Intaglio printmaking is the process of etching or engraving artwork into the surface of a metal plate, usually copper or zinc. The plate is then printed by applying ink into the incised grooves of the plate, and running it through a manually-operated press which transfers the image onto paper. This can be repeated multiple times to create an edition of all original, hand-made prints.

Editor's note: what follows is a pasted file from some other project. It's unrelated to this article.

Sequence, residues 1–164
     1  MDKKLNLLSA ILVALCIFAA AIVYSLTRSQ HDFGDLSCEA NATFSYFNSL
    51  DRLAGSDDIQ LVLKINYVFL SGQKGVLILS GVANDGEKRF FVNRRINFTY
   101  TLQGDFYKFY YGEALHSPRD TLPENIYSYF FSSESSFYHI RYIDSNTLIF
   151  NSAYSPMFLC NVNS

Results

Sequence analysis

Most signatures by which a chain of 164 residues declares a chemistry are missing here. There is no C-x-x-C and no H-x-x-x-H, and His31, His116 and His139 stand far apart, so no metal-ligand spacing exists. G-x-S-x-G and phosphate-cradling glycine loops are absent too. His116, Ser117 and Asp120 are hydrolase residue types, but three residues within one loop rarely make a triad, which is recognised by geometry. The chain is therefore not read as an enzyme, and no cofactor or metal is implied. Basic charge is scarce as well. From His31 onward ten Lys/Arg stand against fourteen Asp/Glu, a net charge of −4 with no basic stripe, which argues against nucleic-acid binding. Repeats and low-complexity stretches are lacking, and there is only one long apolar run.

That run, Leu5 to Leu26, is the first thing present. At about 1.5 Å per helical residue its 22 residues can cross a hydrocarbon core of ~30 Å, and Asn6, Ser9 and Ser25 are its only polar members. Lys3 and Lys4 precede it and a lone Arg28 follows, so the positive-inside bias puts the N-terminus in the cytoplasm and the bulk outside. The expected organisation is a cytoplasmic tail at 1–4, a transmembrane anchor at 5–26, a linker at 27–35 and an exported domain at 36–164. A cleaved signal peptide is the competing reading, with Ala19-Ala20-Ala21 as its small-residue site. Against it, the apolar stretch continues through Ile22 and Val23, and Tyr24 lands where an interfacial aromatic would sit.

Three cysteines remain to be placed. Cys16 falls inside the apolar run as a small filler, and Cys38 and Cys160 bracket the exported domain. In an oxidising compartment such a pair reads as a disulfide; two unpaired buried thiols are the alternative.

Mezzotint is a form of intaglio printmaking. The process involves coursening the surface of a copper plate with thousands of microscopic pits and burrs capable of holding ink for printing onto paper. The tool used to coursen the surface is known as a mezzotint rocker. It consists of an arched, serrated metal blade connected to a handle. As the name implies, the tool is "rocked" along the surface of the copper plate, roughening it with the small teeth located along the edge of the blade. In order to get a consistant texture over the entire surface of the plate, every square inch must be rocked in directional passes (vertical, horizontal, diagonal) until it is uniform. Once the plate is rocked, an image with varying degrees of tone is created by flattening and removing portions of the coursened surface using metal scrapers and burnishers. More worked areas will hold less ink and print lighter, while less worked areas will hold more ink and print darker.